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for the gold medal. >> thank you. >> mike: a medal that frankly you snuck up on everybody just clearly just wowed the judges and wowed this country and the world with your routine (applause). >> thank you >> but i've got to ask anna, you've seen him skate and now worked with him as a dance partner. has he got the stuff? >> well, he's definitely a hard worker and that's why he has a gold medal. but it's actually been lots of fun training with him because he's used to doing everything by himself and now he has another person as he just mentioned and it's been kind of fun because he's perfectly on balance by himself and when another body comes to the equation, he starts to fall around. so it's kind of funny. >> you know, one of the questions that i would have a view anna, you obviously are able to work with a gold medal olympian champion like evan. what about a guy like me?
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>> yeah. >> mike: do you think there's ever-- >> you know. >> mike: yeah. >> yeah, i think so because last season, i actually was working with a fighter and he was born to like kill people. >> mike: i'm not born for that, i want you to know. >> exactly. so you like in between of an mma fighter and the figure skater so you're somewhere in between. >> mike: evan, i want to ask you when you stood on the stage at the olympic games, you heard the star spangled playing and you know that you're standing singularly atop not just that podium. you're standing on top of the world. tell me what emotions were going through you at that moment. hand over your heart and the gold on your chest. >> i think the whole time i was in vancouver, i was particularly infected with the olympic spirit, maybe more than a lot of other people and more than my first time in tureeno and it was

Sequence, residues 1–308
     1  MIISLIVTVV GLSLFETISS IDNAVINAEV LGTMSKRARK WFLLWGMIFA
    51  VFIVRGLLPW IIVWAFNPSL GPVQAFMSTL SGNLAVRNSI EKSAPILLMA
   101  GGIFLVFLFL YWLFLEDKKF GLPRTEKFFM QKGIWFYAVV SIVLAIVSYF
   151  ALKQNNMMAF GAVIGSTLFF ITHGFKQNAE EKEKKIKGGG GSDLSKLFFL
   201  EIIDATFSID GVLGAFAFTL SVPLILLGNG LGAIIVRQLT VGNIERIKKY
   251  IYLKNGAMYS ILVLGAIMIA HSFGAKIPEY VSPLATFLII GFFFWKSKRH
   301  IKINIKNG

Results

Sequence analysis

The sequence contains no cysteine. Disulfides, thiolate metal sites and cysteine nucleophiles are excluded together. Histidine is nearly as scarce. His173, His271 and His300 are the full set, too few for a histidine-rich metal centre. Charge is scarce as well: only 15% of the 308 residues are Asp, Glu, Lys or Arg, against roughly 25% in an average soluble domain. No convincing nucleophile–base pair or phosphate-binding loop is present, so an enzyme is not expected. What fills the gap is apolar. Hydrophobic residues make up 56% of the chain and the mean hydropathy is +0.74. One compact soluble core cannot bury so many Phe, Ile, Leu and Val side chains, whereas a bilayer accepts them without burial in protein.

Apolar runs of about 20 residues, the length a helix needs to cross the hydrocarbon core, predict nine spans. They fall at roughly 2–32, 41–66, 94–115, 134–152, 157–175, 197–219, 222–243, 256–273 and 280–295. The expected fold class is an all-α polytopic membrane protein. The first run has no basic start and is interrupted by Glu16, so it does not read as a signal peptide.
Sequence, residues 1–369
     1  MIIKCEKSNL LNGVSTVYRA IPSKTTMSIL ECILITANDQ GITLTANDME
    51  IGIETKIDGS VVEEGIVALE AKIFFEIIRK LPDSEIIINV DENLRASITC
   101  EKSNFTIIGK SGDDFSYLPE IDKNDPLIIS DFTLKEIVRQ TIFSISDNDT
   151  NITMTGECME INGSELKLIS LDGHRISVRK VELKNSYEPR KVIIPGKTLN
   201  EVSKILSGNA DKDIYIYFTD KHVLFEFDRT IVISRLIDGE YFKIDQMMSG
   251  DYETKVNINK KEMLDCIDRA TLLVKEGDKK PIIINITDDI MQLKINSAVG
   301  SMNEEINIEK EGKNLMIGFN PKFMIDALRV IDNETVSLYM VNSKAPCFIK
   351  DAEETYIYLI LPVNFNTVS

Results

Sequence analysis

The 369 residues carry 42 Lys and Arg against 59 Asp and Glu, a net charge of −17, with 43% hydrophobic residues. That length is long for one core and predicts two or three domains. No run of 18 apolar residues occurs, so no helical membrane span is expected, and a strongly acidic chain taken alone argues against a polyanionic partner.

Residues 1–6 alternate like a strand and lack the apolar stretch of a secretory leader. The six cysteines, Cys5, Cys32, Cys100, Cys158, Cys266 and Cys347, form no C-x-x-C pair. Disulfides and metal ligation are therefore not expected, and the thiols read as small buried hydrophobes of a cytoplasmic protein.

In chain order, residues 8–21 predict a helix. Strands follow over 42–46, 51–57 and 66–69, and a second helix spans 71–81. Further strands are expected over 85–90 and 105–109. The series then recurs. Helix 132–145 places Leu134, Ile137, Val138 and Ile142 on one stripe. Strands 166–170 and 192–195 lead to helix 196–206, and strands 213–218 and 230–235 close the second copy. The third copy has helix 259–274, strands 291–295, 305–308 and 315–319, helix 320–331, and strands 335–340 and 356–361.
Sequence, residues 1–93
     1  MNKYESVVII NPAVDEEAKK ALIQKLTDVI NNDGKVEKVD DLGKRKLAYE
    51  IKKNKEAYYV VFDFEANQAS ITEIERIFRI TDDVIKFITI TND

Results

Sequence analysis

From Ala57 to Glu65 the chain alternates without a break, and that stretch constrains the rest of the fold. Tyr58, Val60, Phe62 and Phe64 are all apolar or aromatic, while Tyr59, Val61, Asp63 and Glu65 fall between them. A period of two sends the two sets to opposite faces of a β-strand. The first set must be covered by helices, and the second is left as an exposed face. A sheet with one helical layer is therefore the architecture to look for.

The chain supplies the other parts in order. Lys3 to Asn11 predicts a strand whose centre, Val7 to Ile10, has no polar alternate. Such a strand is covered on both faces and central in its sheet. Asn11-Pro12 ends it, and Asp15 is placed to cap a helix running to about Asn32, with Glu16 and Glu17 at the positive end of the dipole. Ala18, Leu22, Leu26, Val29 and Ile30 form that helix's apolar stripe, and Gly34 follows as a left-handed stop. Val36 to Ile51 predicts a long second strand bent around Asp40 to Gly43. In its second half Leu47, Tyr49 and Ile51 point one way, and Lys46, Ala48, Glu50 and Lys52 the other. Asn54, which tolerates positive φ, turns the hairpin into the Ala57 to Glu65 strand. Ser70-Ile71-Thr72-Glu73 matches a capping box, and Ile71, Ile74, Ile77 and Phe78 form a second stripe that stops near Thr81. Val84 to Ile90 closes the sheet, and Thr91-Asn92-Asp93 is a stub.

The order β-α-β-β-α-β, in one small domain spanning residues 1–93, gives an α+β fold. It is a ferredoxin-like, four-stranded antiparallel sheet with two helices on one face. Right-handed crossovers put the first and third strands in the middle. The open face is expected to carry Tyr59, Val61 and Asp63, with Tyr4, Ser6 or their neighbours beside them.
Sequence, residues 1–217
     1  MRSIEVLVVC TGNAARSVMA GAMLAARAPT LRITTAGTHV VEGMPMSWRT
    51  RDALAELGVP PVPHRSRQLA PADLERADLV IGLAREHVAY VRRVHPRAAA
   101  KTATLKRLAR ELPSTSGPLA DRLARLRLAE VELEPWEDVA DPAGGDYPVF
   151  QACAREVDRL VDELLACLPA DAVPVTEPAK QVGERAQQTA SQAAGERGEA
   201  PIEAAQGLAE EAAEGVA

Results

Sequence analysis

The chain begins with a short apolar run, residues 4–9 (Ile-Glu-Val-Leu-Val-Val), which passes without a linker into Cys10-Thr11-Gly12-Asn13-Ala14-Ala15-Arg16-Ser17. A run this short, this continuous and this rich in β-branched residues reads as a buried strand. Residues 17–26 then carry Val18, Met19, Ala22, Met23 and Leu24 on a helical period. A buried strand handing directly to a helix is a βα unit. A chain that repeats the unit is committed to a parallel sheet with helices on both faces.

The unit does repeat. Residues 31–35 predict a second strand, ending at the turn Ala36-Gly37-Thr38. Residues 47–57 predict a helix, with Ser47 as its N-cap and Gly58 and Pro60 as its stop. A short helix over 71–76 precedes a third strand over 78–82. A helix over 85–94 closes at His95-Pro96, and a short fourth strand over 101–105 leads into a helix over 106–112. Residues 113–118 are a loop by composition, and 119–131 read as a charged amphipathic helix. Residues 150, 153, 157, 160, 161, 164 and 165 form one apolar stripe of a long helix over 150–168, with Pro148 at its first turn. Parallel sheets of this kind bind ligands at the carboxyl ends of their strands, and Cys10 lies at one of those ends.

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at that moment it was a realization to me yes, i was one story of the vancouver olympics and the stoifr of the games are really the soul of it, but i guess i felt at that i was such a small part of the whole olympic movement and this novel teas been going on for hundreds of years and just truly honored that my story and the story of the men's free skate in vancouver could be a legacy forever and there's so many great stories from all the olympics, but especially from vancouver of triumph and victory and also of defeat and drama and i think that's what made it a particularly special games this time. >> mike: evan, you made america very proud and i have a feeling that you're going to make america very proud again with anna's coaching help. no doubt about it, you guys are on your way to something spectacular. you know, i just believe anna is the right partner for you and you've got to do great things. by the way.